- Posted on: Mar 15 2019
If you have a spot on your skin that you feel may be cancerous, it can be easy to start worrying. There are many warnings about wearing sunscreen and avoiding skin cancer, and it can be a little scary to discover that you might have gotten that fearful thing.
But, before you let worry take over, it’s important to understand that there are different types of skin cancer, and many can be safely removed. Keep reading to learn about the Moh’s surgery procedure, and how it can be used to help remove cancerous spots from your skin.
Roots of skin cancer can extend beyond the visible portion of the tumor, and it’s important to collect all of the pertinent tissue for your health. If the roots aren’t fully removed, the cancer will return. The surgery starts with your provider examining the visible lesion and determining what tissue to remove. You have local anesthesia provided before the surgery starts.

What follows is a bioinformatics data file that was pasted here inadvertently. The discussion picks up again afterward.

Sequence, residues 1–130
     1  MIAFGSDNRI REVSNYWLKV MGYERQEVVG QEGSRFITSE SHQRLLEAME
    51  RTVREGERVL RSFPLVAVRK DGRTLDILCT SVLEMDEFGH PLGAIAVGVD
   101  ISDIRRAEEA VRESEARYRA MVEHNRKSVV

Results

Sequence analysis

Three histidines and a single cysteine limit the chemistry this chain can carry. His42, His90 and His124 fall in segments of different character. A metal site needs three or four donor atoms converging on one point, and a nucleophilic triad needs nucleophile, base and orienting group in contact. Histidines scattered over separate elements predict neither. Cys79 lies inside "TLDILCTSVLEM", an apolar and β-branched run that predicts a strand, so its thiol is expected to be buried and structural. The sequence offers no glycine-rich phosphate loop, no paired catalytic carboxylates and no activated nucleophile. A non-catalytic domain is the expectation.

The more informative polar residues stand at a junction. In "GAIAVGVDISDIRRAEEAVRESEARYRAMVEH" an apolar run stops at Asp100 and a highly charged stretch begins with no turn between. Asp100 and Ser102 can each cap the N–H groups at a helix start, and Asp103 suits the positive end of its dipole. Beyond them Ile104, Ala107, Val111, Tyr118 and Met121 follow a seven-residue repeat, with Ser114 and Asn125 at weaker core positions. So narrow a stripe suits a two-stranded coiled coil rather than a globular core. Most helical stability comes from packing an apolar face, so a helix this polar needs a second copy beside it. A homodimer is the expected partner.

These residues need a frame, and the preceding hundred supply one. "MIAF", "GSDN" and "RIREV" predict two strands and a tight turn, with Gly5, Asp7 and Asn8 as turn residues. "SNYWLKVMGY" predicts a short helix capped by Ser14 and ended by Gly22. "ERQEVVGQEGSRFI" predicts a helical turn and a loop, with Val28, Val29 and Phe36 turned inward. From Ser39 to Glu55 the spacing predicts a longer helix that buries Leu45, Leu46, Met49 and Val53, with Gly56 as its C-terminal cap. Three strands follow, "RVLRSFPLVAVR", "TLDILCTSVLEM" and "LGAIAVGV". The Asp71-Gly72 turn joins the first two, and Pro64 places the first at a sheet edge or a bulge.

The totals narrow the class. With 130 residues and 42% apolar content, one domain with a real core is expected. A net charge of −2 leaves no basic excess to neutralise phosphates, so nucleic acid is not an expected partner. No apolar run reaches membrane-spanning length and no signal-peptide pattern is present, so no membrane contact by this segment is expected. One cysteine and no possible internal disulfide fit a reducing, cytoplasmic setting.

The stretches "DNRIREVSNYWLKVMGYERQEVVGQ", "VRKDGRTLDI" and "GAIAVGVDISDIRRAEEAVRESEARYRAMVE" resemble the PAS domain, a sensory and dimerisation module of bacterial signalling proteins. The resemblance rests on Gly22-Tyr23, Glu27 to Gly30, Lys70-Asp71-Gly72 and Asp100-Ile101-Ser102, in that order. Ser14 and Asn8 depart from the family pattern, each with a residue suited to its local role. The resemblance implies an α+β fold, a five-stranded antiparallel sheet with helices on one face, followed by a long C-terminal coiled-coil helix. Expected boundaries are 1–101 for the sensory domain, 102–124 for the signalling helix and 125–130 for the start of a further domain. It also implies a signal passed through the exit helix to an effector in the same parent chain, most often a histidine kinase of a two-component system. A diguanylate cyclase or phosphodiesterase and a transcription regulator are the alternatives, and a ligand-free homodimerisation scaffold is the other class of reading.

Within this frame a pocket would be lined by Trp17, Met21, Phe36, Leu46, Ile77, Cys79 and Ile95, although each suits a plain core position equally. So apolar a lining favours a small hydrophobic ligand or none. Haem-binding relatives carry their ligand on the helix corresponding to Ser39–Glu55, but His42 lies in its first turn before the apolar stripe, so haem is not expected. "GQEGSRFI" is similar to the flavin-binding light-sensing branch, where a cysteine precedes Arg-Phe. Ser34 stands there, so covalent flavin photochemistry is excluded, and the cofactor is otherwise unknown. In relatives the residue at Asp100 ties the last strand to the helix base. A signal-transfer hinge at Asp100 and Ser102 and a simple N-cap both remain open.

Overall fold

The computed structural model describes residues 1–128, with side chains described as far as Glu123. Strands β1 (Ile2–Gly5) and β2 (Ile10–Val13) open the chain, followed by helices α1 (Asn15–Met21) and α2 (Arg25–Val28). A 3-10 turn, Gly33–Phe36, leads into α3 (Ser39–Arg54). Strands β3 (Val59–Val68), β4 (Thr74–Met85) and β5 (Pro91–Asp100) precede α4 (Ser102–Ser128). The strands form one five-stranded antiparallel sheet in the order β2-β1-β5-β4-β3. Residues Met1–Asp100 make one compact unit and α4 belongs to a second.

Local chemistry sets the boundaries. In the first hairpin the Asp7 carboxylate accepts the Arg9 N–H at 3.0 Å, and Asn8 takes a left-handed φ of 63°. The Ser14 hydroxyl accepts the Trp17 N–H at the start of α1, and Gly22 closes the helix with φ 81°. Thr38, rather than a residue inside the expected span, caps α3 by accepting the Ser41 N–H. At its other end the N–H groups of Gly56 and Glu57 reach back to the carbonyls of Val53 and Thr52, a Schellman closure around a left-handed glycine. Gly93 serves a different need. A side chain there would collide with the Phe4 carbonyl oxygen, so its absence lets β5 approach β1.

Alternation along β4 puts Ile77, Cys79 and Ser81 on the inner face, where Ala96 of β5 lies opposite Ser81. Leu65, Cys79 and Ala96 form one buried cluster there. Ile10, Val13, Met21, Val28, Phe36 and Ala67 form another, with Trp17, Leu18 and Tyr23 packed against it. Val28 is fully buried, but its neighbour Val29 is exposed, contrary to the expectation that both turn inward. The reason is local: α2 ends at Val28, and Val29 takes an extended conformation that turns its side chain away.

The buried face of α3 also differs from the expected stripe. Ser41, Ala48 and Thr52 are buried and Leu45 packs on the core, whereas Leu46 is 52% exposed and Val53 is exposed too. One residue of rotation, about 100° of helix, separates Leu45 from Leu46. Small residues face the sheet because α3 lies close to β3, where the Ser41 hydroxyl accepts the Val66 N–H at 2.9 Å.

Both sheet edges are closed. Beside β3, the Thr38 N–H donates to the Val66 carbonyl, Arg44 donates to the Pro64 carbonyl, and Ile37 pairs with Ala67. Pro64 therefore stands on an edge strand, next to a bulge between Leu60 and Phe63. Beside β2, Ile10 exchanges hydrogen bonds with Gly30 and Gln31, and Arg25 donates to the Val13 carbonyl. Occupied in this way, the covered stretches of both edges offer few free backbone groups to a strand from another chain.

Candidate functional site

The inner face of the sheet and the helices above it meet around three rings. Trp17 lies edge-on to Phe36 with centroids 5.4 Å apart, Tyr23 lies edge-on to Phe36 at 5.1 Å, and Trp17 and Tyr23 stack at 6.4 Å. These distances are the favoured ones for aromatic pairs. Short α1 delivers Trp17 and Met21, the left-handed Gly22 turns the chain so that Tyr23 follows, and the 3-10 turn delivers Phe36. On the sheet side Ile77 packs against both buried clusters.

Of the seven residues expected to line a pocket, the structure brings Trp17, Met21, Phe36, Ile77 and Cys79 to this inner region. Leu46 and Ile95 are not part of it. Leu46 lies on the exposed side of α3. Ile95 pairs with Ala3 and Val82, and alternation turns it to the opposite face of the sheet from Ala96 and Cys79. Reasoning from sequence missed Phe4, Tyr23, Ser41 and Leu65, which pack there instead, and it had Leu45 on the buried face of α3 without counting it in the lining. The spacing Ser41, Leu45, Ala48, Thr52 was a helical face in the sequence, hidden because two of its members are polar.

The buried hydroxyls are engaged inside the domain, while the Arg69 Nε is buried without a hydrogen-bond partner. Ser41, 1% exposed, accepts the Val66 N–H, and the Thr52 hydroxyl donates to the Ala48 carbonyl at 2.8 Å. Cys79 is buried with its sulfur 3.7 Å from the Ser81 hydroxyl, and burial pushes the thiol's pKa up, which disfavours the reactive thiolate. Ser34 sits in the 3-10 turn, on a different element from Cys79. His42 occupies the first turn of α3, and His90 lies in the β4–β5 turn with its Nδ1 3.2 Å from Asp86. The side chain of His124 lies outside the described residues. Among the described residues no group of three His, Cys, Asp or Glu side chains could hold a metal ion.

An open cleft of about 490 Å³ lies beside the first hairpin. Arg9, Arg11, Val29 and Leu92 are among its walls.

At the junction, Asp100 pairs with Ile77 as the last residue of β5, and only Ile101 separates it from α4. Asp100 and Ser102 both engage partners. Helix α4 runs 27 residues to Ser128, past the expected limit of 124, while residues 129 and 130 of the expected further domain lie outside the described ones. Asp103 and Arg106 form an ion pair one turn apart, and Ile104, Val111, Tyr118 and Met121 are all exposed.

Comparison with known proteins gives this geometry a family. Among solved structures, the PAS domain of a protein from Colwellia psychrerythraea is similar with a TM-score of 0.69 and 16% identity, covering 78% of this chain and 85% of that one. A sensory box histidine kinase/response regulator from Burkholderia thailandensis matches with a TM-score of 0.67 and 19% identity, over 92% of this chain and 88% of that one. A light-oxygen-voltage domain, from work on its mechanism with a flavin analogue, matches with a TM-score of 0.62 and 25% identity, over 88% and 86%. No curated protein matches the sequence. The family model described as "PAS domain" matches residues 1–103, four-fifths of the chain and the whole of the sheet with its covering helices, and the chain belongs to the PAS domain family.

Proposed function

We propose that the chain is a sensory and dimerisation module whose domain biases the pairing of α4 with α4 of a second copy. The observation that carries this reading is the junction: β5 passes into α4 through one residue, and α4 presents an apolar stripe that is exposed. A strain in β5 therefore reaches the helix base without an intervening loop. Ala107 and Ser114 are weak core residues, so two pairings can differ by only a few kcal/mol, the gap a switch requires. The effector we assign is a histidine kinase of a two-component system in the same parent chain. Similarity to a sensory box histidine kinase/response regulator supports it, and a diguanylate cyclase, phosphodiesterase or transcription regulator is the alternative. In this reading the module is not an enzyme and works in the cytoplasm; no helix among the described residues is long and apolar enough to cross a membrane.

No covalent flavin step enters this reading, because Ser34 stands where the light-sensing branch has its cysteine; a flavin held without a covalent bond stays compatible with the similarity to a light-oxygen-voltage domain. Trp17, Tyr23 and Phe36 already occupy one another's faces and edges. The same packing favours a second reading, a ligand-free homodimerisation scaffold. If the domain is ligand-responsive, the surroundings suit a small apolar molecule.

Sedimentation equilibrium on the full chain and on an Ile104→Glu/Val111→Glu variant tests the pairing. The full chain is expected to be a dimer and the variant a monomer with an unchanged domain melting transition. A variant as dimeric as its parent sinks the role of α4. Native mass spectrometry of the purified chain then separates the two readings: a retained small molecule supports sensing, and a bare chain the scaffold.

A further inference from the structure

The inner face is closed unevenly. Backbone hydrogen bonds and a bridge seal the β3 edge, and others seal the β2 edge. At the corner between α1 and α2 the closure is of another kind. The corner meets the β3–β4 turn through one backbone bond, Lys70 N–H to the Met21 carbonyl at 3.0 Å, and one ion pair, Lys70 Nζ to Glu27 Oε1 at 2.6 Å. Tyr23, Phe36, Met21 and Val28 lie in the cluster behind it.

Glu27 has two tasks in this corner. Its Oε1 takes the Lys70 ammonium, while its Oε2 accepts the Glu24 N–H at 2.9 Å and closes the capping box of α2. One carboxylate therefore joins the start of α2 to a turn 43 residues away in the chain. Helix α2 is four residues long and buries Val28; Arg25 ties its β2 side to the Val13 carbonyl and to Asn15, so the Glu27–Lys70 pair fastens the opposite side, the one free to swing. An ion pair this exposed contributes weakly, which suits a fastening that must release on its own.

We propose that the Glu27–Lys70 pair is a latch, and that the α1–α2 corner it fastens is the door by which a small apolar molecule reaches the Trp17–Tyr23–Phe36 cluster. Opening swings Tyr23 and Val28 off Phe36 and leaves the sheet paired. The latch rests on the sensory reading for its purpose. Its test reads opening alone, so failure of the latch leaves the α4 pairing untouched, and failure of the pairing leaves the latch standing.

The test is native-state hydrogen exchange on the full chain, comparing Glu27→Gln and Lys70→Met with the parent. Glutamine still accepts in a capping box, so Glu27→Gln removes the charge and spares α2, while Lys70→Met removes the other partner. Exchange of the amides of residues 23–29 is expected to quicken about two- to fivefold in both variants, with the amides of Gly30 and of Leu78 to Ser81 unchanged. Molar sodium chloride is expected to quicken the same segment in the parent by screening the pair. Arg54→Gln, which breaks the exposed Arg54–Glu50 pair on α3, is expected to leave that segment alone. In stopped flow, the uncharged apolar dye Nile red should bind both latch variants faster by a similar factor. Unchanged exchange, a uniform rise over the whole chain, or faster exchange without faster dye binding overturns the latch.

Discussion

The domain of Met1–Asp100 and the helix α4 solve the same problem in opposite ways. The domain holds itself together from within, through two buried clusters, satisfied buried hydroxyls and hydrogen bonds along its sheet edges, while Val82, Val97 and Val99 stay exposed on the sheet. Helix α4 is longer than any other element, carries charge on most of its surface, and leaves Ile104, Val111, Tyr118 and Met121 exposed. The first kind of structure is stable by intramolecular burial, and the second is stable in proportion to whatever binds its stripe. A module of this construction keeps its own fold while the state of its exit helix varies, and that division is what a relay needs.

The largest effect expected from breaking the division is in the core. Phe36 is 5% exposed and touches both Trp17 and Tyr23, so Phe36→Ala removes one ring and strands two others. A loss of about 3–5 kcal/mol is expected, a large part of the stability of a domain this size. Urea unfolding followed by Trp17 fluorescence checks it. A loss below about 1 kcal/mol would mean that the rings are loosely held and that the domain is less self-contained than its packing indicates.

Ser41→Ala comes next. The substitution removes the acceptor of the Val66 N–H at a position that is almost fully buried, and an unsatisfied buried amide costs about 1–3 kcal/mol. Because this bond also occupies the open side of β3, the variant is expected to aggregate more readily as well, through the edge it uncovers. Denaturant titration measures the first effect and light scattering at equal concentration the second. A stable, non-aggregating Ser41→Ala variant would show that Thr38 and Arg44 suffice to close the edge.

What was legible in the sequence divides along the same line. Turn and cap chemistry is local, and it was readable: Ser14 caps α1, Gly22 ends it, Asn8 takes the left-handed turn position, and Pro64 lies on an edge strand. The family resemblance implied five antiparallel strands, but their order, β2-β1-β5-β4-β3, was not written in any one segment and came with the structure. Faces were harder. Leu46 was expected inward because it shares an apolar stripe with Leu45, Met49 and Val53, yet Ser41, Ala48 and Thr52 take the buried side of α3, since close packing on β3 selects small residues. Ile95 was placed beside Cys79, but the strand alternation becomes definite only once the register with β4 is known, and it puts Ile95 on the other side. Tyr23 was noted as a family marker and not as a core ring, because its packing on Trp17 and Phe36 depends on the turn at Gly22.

We remove the visible portion of the tumor using careful surgical techniques.
We then remove a slightly deeper layer of skin and divide it up into sections. These sections are then color-coded with different dyes. Additionally, we make marks on the skin to show the source of each section. A map of the surgical site is then drawn up so we can track exactly where each portion of tissue came from.
In a laboratory, your provider will use a microscope to examine the undersurface and edges of each section of tissue, looking for any signs of cancer.
If we find more cancer cells under the microscope, we mark their location on the map and return to the patient to remove another slightly deeper layer of skin.
The removal process stops when there is no longer any evidence of cancer in the surgical site. Because Moh’s surgery removes only the tissue containing cancer, it makes the smallest scar and leaves the most healthy skin behind.
If you’re interested in learning more about Moh’s surgery and how we can help with your skin cancer treatment, give us a call at (212) 249-0066 to schedule a consultation today.
Posted in: Mohs Surgery